South Georgia In Depth – Photography Symposium
South Georgia has rightly been called ‘the most staggering wildlife show on earth’. After our in depth exploration, we are certain you will agree. This seldom-visited corner of the planet is a place we know intimately and look forward to visiting every season. Even our experienced expedition staff, some with more than 100 journeys south, cherish every visit to South Georgia. Traditionally, our visits to South Georgia last only three or four days and are part of a much longer itinerary that includes time spent in Falkland Islands and Antarctica, but, after many years of careful preparation and planning, we can now offer our guests the unique opportunity of ten full days of exploration – more than double the time traditionally spent in South Georgia.This particular departure is timed to coincide with the arrival of spring as South Georgia emerges from the long and frigid winter. It is an exceptional time to visit. Late October marks the beginning of the wildlife migration and commencement of the breeding cycle for many species. Scenes of male elephant seals battling for control of the beaches (and the female harems), and the intimate and beautiful courtship rituals of the albatross and antics of the young penguin chicks, will have you believing you are ‘on the set’ of your very own wildlife documentary. For lovers of remote, small-ship expedition cruising, this voyage ticks every box you could possibly imagine.
Onboard Photographic Symposium
An additional highlight of this departure will be the shipboard photography symposium open to all guests. This program runs alongside our regular series of presentations on history, ornithology, geology and the natural world. The members of the photographic team each have a special area of expertise including wildlife photography, landscape and composition, along with technical elements including gear and equipment and computer based processing, file management and storage. We make regular use of our ship-board multi-media studio for breakout sessions and to review and critique our images throughout the voyage. Our photographic goals on this departure will be formed and led by the light available both onshore and on the water. With a varied and diverse itinerary and flexible plans, we aim to make the most out of the beautiful light, even if outside conventional shore landing times. For the photography buffs, this trip is not to be missed!
Day 1: Punta Arenas, Chile to Port Stanley, Falkland Islands – Our journey commences this morning in the southern Chilean city of Punta Arenas. We meet at a central location and transfer to the airport for our scheduled service to Stanley in the Falkland Islands (this flight is included in the price of your voyage). After a short 90-minute flight we arrive in Stanley and are met on arrival and transferred to the pier. Stanley is currently home to just over 2,000 residents and is reminiscent of a rural town in coastal England or Scotland. It is charming with brightly colored houses, pretty flower-filled gardens, a quaint cathedral and several local pubs. The waterfront memorial, built to commemorate the lives of the servicemen lost during the Falklands War in the early 1980’s, is a sobering reminder of recent history. There is time to explore the town, before we make our way to the ship for embarkation. After settling in to our cabins and exploring the ship, we meet our expedition team and fellow passengers. Excitement is in the air as we enjoy a welcome cocktail, dinner and cast off, bound for South Georgia – and the adventure of a lifetime.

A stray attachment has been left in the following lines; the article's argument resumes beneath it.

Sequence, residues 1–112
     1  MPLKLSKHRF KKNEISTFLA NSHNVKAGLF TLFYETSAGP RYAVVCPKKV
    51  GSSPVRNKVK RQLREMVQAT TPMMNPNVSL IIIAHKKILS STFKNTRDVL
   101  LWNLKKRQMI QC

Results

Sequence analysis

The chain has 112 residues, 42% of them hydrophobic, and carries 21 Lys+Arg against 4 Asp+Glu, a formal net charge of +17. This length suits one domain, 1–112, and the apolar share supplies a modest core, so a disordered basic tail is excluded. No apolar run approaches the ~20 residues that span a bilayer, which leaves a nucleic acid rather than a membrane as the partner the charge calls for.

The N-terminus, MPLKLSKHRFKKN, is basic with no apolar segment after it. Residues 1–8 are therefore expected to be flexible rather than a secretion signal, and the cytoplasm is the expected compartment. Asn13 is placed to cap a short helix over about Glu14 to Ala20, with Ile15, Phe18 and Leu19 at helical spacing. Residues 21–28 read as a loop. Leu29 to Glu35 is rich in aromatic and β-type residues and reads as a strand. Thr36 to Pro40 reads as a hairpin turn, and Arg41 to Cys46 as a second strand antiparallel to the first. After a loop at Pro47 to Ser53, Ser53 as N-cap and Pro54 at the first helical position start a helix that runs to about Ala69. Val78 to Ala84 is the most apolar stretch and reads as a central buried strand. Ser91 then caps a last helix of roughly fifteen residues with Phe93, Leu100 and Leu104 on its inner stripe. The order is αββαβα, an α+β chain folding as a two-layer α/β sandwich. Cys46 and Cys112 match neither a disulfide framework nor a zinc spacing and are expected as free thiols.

Days 2 – 3: At sea towards South Georgia – This stretch of the South Atlantic is rich in its bio-diversity and showcases an abundance of astonishing wildlife. We will be joined by hundreds of seabirds including the wandering albatross. Giant petrels and smaller Cape petrels are also constant companions as make our way to South Georgia. Photographing these magnificent birds from the deck of the ship takes patience and skill and our photography expert will be on hand to show you the best techniques. Join the ship’s Captain on the bridge and learn about the operations of our modern research vessel. Throughout the day our onboard experts educate us with a series of presentations about the environment, wildlife and history and the locations we hope to visit in the coming days. History is a key theme of this voyage and the epic story of Shackleton is central to our journey.
Days 4 – 5: King Haakon Bay and the Northwest Coast – These next ten days will be unlike anything you have ever imagined. Majestic snow-covered mountains greet us on arrival in South Georgia. We begin our exploration on the southern coastline. We hope to navigate the ship into the very historic location of King Haakon Bay. It was here that Shackleton and his men made landfall in their small lifeboat – the James Caird, after completing the perilous ocean crossing from Elephant Island, 100 years ago. From here, they set off to cross the mountainous spine of South Georgia – a feat never before attempted. This is a very dramatic place, visited by just a handful of ships each season.
From here, we make our way around to the protected waters of the north-eastern coast. We can now indulge in an in-depth exploration, navigating the ships into the bays and harbors the entire length of the island. Elsehul Bay allows for great zodiac cruising and will be a possible location we will launch the kayakers for a paddle. One of the most anticipated sites in South Georgia is Salisbury Plain. The black sand beaches and tussock covered dunes are home staggering abundance of king penguin adults and their young. The rookery is believed to have a population of up to 100,000 adult and juvenile penguins. This is just one of several such king penguin rookeries on South Georgia. At the height of breeding season the rookeries are believed to have more wildlife per square foot than any other place on the planet. You have to experience it to believe it.
The majestic ‘Kings’ are not the only wildlife on display as we cruise the rugged coastline. Fur seals can be seen poking their heads above the water, the elephant seals will enjoy lazing about the beach, while the skuas and giant petrels fill the skies above. Meanwhile, the albatross – our constant companion on this journey – is never far away.
Days 6 – 7: St Andrews Bay, Gold Harbour and Eastern Coast – Our adventure takes us next to Fortuna Bay, a majestic three-mile long and one-mile wide fjord. It was named after the ship Fortuna, one of the original vessels of the Norwegian–Argentine whaling expedition which established the first permanent whaling station at Grytviken, further down the coast. In Fortuna Bay we can expect to see king penguins and elephant seals.